In Bastar’s dark interiors, the Naxals are running schools for children, teaching them to be wary of the government

2013-03-09 , Issue 10 Volume 10

Catch ’em young Children at a school run by Naxals in Jappemarka village, Bijapur district

0N 29 DECEMBER last year, joint forces comprising the CRPF and state police busted a Naxal training camp during a combing operation in Chhattisgarh’s Bijapur district, 450 km to the south of Chhattisgarh’s capital city Raipur. TEHELKA visited Jappemarka village where the encounter had taken place and found that besides training camps, the Naxals were also running schools for children in the densely forested region.

It takes a two-day trek through forest trails, after crossing the Bailadila hills — known for the National Mineral Development Corporation’s iron ore mines and forming the border between Dantewada and Bijapur districts — to reach this village. In a small clearing amid the woods just outside the village, a group of children greet TEHELKA with shouts of “Lal Salaam”, reminding us that we are in Naxal country. They are students of an Ashram Shala (residential school) run by the Naxals for 30-odd children from the nearby half-a-dozen villages.

Then the children sing a song in Gondi, the local tribal language. The song is on “the importance of education in making a revolution”, we are told. This is a region where the Naxals have set up what they call the Janatana Sarkar, or “people’s government”.

Motiram, a student at the Jappemarka Ashram Shala, says he wants to become a teacher in a Naxal school. Motiram doesn’t know the national anthem, but he knows how to hide if the police suddenly show up. But his ‘teacher’ Sukhlal, who was once a member of a Naxal dalam (armed squad), claims the children are not trained in warfare. “They are only given general physical education like in government- run schools,” he says. “After the Salwa Judum (an anti-Naxal campaign) started, the government has closed down all schools in this area. As the villages here are believed to be Naxal-dominated, these children cannot go to schools elsewhere. The Naxal-run schools are their only means of getting education.”

The children are taught from textbooks prepared in Gondi by the ‘education department’ of the Janatana Sarkar, besides the same Hindi textbooks that are used in government schools in Chhattisgarh. Even the school uniform is similar.

Besides Sukhlal, the Jappemarka school has one more teacher and two cooks, who are paid Rs 1,000 every month. The school offers education till Class V. So what will the children do after that? “They can work for the Janatana Sarkar, teach in the Naxal-run schools or become village healthcare workers,” says Sukhlal, who studied till Class V at the government school at Mirtur, 10 km away. The exact locations of the Naxal-run schools are kept secret from ‘outsiders’ as top Naxal leaders visit them occasionally.

When the police raided Jappemarka village on 29 December last year, Sonu, a ‘Class III student’ at the Ashram, hailing from nearby Bechapal village, could not flee into the forests with the others. He says the police thrashed him and let him go only after he said he studied in the government school at Mirtur. Though the Ashram Shala was set on fire during the raid, the children say it is being rebuilt again at another “secret” location.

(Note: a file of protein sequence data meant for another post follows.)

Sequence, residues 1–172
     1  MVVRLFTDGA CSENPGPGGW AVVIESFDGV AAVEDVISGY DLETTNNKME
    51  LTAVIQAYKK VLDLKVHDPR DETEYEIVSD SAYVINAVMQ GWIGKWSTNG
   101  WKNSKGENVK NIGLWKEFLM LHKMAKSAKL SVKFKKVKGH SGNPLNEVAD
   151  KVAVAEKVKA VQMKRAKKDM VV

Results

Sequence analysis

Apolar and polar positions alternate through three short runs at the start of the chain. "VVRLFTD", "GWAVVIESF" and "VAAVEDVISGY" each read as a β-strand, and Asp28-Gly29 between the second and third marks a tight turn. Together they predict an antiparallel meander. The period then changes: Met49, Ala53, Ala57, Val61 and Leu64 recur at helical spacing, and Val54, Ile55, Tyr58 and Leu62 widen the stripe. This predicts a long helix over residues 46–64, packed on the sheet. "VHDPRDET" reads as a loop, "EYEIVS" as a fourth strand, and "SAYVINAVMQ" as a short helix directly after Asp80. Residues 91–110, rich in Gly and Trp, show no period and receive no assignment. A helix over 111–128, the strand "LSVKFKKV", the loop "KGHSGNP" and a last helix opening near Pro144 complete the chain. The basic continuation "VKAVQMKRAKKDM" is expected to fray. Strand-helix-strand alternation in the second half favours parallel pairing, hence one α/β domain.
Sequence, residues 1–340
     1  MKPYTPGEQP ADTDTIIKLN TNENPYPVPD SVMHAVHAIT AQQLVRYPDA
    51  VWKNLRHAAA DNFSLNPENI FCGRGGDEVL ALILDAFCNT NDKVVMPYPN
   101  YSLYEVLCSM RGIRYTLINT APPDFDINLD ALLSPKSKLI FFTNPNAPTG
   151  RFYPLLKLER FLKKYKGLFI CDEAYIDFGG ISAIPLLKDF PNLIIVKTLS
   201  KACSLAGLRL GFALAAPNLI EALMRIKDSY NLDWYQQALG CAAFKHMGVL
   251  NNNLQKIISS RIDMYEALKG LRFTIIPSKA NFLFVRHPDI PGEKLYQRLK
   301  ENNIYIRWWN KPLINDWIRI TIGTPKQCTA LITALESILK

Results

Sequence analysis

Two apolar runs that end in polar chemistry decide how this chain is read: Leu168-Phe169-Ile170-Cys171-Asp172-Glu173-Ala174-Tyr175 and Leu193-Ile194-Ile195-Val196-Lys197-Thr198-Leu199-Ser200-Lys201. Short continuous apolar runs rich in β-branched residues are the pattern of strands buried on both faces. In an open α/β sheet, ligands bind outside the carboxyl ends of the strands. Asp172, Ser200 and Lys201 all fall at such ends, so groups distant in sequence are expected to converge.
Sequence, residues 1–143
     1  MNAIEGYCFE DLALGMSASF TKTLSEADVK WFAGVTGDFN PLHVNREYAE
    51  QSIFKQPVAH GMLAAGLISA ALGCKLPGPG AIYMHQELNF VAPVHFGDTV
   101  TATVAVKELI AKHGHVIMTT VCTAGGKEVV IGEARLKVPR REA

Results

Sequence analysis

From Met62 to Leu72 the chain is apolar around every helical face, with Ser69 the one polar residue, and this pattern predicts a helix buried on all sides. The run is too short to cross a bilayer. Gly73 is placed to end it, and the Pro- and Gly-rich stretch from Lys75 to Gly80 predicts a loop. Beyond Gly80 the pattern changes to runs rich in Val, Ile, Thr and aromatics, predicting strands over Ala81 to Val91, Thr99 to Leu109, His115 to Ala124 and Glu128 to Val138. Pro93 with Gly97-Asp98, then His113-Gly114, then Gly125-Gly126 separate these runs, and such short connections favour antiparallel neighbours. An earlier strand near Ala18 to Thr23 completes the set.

DURING THE two-day trek to Jappemarka, TEHELKA was accompanied by Mohan, the commander of the Bhansi local guerrilla squad. Mohan was a Class V student at the Mirtur government school in 2005 when Salwa Judum started operations in the area. He says atrocities by the Judum forced him to join the Naxals. Mohan showed us several spots where pressure bombs and booby traps had been planted. On receiving information of police presence, the pressure bombs are wired and the wooden covers removed from the trap holes.

Life in these villages is not easy. The villagers often have to spend the nights in the forests to evade police raids. Ramesh, a resident of Udepal village, says the monsoon months are the most difficult, when the tribals cannot even light a fire to ward off wild animals.

In Udepal, TEHELKA also met Dashru Mandavi, who says he once aspired to become a government officer. In 2005, after completing his primary education from Mirtur, he enrolled in the government-run residential school at Gangalur for further studies.

Salwa Judum was at its height at the time. One evening, some armed policemen from Gangalur police station came to the school, asked him if he was the dada (Naxal) from Udepal, and then took him away. Later in the night, Dashru told the guard at the police station that he wanted to use the toilet and managed to slip away. The police came to Udepal looking for him, but he had already escaped into the nearby forests.

Dashru says he has not joined the Naxals, but one of his brothers, Sukuram, was shot dead in Udepal in 2006, and two years later, three more of his brothers were arrested. Two of them, Misra Ram and Mangu, died in custody, Dashru alleges, while the third, Bugra, is still in the jail. Dashru claims the police did not even hand over Mangu’s body to the family.

Mahendra Karma, a senior leader of the Congress who is known as the founder of the Salwa Judum, told TEHELKA in Dantewada that if the police have indeed destroyed the Naxal-run school in Jappemarka, it was the right thing to do. “The Naxals have destroyed hundreds of government schools.”

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